Abraham is to be the father of a ‘multitude of nations’.

The covenant introduced here links into the earlier promise
about the nations being blessed through Abraham.

The term ‘father’ is sometimes used in a metaphorical sense,
denoting someone who brings benefits to others.

Joseph describes himself as Pharaoh’s father in Genesis 45:8.

God states that this covenant will be established with
Abraham’s son Isaac.

      “… Sarah your wife shall bear you a son, and you
      shall call his name Isaac. I will establish my
      covenant with him as an everlasting covenant for his
      offspring after him. As for Ishmael, I have heard
      you; behold, I have blessed him and will make him
      fruitful and multiply him greatly. He shall father
      twelve princes, and I will make him into a great
      nation. But I will establish my covenant with Isaac,
      whom Sarah shall bear to you at this time next year."
      (Genesis 17:19-21)

The continuity of the eternal covenant is tied to one
individual in each subsequent generation.

While the covenant will be established only with Isaac,
Ishmael and all the male members of Abraham’s household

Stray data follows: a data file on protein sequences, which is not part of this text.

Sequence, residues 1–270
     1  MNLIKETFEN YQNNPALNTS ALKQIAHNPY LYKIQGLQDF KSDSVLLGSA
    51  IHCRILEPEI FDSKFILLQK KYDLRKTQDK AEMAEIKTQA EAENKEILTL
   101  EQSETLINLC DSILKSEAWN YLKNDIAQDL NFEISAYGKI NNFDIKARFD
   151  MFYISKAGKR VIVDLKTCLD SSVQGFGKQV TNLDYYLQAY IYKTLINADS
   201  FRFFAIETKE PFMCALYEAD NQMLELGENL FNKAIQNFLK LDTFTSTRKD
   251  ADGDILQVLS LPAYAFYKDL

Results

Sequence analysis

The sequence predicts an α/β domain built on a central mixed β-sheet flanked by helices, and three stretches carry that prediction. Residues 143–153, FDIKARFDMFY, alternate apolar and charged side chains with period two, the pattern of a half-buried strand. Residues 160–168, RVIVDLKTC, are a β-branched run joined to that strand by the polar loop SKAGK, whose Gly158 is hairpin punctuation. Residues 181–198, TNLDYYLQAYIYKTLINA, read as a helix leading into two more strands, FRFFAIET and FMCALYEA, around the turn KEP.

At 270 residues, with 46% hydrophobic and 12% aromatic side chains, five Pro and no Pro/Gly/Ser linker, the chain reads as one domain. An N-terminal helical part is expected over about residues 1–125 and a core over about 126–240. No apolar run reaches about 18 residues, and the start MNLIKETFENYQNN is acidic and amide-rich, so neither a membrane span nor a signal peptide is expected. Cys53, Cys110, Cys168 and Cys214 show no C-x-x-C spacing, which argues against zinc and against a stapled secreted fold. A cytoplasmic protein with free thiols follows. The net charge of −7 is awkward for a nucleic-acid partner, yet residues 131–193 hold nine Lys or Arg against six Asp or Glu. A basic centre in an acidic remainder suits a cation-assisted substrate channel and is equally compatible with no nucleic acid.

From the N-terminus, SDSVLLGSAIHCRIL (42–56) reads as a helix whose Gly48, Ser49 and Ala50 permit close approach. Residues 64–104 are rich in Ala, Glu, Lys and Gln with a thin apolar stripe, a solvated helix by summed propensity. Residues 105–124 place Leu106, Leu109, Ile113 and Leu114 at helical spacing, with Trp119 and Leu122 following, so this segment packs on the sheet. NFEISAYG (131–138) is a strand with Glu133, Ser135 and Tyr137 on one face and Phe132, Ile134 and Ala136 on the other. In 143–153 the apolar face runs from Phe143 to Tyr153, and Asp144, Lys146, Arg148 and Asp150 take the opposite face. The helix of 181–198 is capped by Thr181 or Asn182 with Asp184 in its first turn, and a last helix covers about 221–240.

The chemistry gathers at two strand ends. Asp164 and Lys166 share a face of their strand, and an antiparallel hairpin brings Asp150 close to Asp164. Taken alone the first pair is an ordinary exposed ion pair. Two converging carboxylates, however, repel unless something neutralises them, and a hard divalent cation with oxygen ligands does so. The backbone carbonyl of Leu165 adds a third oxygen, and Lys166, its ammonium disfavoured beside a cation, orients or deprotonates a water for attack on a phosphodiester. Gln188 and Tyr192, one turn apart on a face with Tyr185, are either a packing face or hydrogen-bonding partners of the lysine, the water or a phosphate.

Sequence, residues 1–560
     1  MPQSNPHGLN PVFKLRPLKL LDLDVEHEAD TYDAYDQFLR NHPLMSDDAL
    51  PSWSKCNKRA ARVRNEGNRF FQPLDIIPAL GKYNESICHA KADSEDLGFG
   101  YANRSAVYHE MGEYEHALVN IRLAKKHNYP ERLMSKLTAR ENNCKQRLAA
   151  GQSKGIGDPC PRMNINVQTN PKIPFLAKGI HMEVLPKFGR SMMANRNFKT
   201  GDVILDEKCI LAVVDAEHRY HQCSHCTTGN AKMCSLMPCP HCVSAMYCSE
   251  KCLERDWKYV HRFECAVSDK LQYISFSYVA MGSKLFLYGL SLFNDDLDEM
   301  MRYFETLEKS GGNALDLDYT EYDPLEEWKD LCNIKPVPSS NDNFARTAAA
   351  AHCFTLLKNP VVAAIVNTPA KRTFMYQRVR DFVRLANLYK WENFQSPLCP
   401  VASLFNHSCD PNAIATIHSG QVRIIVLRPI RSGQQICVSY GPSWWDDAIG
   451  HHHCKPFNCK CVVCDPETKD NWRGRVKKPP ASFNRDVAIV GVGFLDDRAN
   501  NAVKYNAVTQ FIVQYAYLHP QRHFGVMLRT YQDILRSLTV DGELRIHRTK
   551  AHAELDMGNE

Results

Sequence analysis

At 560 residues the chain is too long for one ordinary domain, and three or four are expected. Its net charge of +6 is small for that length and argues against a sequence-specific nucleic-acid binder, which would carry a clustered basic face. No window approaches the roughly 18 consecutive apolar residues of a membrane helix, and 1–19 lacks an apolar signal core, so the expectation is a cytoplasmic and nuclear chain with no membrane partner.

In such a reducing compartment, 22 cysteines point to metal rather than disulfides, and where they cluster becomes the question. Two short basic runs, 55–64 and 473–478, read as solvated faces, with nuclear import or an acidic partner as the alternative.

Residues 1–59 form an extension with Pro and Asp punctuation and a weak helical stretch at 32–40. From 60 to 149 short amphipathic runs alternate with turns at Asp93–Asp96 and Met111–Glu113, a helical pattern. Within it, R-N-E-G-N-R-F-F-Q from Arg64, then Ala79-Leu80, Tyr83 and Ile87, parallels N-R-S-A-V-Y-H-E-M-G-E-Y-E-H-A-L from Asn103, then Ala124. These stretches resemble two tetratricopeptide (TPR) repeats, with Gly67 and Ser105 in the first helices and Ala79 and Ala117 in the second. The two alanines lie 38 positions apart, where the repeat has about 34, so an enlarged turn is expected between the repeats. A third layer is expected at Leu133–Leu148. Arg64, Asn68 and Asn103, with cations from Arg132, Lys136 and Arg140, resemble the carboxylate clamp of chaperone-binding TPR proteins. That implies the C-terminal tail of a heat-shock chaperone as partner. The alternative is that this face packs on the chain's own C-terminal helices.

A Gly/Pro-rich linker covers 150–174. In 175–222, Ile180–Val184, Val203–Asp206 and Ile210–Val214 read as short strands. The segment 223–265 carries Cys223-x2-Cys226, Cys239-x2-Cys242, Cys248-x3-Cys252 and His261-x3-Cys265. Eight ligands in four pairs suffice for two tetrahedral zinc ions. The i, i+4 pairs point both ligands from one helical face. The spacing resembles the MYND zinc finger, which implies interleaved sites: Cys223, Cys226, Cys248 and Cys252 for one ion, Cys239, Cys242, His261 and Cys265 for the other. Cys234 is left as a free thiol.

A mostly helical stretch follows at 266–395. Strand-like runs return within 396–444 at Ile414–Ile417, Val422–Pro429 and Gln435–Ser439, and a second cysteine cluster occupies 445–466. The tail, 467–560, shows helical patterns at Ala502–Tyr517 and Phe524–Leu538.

are circumcised.

The covenant is established with one person; the benefits of
the covenant may be enjoyed by many others.


                                 Christ in the Old Testament              Page 10
                                                                    Week 2 – Session 3
In Genesis 17 there is a very clear reference to Abraham and
Sarah having royal descendants.                                     Notes
      And God said to Abraham, "As for Sarai your wife, you
      shall not call her name Sarai, but Sarah shall be her
      name. I will bless her, and moreover, I will give you a
      son by her. I will bless her, and she shall become
      nations; kings of peoples shall come from her."
      (Genesis 17:15-16)

In Genesis 22, after Abraham has demonstrated his
willingness to sacrifice his beloved son Isaac, the Lord says
to him:

      "By myself I have sworn, declares the LORD, because
      you have done this and have not withheld your son,
      your only son, I will surely bless you, and I will surely
      multiply your offspring as the stars of heaven and as the
      sand that is on the seashore. And your offspring shall
      possess the gate of his enemies, and in your offspring
      shall all the nations of the earth be blessed, because you
      have obeyed my voice." (Genesis 22:16-18)

With this oath, God reassures Abraham, as strongly as he can,
that the promises will be fulfilled.

In the first part of the oath, Abraham is reminded that he will
have numerous descendants.

The second part of the oath switches from thinking about
numerous descendants to one descendant.

In the Hebrew text, a clear break occurs after the term
‘seashore’.

The oath speaks about a single descendant who will
accomplish two things.

      Firstly, he will take possession of the ‘gate of his